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I would argue however that the "no guns" sign is not just discrimination against an object, but also discrimination against a citizen's rights, rights that are Constitutionally ordained and State licensed (in the case of a carry license).
And you would essentially be correct.

HOWEVER...

You are dealing here with PRIVATE property rights, and while open to the public and having to allow certain protected classes, legally armed citizens are not one of those protected (by law) classes.

Our constitutionally ordained rights do NOT apply on other people's property, absent their permission, nor do their rights apply on ours.

Your state license allows for legal carry in PUBLIC (on public property) with certain noted exceptions. While you or I might hold the opinion that a "no guns" policy is not proper behavior, it is entirely legal.

The guy running a snack bar downtown isn't going to lose much if he puts up a "No Shirt, no shoes, no service" sign. The guy running the snack bar at the beach would lose most of his business if he did.

It's their place, their rules, don't like them? Don't go there.
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Old August 22, 2016, 07:31 AM   #18
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44...: That's true in the most part, but not in totality. Most glaring example is that you can't enslave anyone even on your own property. The person maintains his rights there, too.
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Old August 22, 2016, 07:31 AM   #19
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Very good point 44. I had not previously considered the private property aspect of all this. I suppose the legal vs. illegal subject in all this comes down to a trespassing issue.

I suppose that is a huge advantage of knowing martial arts in that you cannot be thrown out of a place just for knowing something. Just don't let them see your black belt! :-)
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Old August 22, 2016, 07:53 AM   #20
steve4102
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Louca, ya might want to read this from HandgunLaw on your State of MI concerning NoGuns signs.

http://www.handgunlaw.us/states/michigan.pdf

And again here.

http://miopencarry.org/faq#7
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Old August 22, 2016, 08:08 AM   #21
Louca
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Wow, although not a legal document, that is a very good read. Thanks Steve.
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Old August 22, 2016, 08:38 AM   #22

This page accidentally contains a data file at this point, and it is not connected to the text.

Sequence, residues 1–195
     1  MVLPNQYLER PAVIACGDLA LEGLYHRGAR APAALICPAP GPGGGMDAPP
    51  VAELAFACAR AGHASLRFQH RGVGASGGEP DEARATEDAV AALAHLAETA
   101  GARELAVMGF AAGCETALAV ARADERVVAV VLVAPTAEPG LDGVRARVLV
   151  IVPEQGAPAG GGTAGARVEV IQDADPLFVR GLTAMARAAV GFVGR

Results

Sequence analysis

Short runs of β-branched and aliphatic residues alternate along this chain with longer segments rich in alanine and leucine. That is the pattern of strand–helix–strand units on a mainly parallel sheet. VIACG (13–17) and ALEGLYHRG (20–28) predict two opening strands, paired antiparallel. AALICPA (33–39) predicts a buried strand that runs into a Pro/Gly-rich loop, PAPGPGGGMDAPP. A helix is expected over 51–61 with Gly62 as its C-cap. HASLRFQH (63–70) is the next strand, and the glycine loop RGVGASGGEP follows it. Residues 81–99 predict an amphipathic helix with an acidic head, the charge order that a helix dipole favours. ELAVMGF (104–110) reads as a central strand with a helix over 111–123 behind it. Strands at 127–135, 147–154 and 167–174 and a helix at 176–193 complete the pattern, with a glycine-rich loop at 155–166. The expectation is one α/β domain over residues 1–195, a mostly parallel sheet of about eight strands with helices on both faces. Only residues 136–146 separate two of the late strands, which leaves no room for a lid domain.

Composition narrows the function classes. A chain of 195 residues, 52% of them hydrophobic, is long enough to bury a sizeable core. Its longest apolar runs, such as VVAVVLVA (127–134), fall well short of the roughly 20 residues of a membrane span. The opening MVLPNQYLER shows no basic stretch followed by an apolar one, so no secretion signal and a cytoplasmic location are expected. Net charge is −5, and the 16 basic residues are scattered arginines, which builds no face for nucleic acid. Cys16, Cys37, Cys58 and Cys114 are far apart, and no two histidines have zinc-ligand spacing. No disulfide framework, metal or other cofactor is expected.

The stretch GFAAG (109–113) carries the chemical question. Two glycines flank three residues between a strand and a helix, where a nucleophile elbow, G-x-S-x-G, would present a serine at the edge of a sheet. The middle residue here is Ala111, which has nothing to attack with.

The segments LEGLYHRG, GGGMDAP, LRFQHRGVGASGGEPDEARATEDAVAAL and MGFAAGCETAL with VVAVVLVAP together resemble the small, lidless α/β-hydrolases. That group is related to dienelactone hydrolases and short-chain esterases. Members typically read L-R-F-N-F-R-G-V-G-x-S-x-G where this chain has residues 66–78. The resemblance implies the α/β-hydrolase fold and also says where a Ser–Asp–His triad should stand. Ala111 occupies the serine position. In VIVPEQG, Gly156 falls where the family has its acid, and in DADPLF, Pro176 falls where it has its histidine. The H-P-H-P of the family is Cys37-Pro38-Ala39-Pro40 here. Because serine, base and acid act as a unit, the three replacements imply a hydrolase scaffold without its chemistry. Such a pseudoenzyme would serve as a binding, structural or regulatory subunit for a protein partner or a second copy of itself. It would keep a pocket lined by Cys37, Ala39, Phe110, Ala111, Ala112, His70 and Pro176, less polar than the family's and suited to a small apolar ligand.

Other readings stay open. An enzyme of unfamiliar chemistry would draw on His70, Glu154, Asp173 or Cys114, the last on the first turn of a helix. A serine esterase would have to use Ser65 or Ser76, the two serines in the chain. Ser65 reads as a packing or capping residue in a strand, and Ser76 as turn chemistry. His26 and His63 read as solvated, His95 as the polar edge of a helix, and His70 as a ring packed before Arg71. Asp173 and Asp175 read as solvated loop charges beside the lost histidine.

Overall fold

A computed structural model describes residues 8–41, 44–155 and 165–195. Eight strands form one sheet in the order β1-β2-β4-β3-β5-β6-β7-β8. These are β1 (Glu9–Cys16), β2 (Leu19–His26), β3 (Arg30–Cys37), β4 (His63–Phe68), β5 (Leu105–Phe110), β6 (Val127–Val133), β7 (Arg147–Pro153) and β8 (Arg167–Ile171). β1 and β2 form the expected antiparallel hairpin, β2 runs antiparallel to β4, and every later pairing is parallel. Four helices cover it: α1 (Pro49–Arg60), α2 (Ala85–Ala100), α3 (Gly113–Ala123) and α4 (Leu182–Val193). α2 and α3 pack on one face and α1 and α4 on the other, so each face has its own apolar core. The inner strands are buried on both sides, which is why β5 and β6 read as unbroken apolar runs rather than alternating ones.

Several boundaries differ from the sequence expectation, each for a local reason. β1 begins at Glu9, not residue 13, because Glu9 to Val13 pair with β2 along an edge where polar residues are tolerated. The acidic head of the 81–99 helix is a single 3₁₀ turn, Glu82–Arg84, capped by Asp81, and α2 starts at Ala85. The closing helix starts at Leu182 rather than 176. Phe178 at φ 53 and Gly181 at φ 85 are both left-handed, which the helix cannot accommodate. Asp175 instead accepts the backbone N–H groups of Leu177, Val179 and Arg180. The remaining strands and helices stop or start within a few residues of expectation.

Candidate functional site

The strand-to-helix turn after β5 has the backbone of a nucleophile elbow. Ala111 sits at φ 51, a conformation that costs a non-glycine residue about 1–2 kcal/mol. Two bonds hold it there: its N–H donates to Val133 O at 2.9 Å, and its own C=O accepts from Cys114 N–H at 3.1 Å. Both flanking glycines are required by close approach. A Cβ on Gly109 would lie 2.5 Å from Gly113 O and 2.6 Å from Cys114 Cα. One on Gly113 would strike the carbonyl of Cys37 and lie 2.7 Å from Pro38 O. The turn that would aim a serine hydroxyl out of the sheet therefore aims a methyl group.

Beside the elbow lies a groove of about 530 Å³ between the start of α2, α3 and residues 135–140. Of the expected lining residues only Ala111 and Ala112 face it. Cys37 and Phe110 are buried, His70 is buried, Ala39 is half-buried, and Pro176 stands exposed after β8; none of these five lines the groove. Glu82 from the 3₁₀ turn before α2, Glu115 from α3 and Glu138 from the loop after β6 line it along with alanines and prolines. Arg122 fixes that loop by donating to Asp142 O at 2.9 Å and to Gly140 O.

Double Naught Spy
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Yes, Double Naught Spy, you are correct and thanks for pointing that out. I readily now admit that was an incorrect example. I would argue however that the "no guns" sign is not just discrimination against an object, but also discrimination against a citizen's rights, rights that are Constitutionally ordained and State licensed (in the case of a carry license).
You know, it isn't even discrimination against a citizen's rights in a legal sense when the "rights" are subject to the permission of the land owner (as clarified by various state and federal laws and rulings). That means your rights are limited (as held up by the Supreme Court) and that your rights do not supersede the rights of another. So unless otherwise stipulated by law, your "right" only means that it is okay with the government so long as it is okay with the proprietor of the premises. Many folks seem to forget this.

So a landowner disallowing gun carry may be discrimination, but it is without a rights violation (assuming all applicable laws are followed).
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Old August 22, 2016, 10:55 AM   #23
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My doctor is a concealed carrier, shooter and hunter. He did not have a no gun sign. Then some idiot was fondling his Glock in an examining room and had a negligent discharge. The bullet went through several walls, narrowly missing a nurse.

My doctor now has a no gun sign.
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Old August 22, 2016, 11:03 AM   #24
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Most glaring example is that you can't enslave anyone even on your own property. The person maintains his rights there, too.
Because enslaving someone is a crime. We kind of fought a war with that as a major issue back in the 1860s. You can't enslave someone on your own property because you can't enslave anyone, anywhere, and the property owner's legal right to determine what goes on, on their property does not supersede that.

Quote:
Just don't let them see your black belt! :-)
I let 'em see my black belt, AND my black suspenders! (and my black cane..)

Quote:
.. your rights do not supersede the rights of another.
One of the operative phrases describing this idea is "your right to swing your fist ends at my nose.."

The law provides the framework we use to determine who's rights, about what, take precedence, and when.

Generally speaking, property owners rights, on their property, are given more weight than the rights of an individual on someone else's property.
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Old August 22, 2016, 04:28 PM   #25
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I'll always respect private property rights, just as I wish mine to be observed. Even outside of the law as a courtesy.

Say, for example, a feller has a no guns allowed sign in an establishment, the local laws do not give the sign any legal weight, I will still respect the owner's wishes. Most likely I'll comply by not entering the premises. If it's something I have to do, I'll disarm.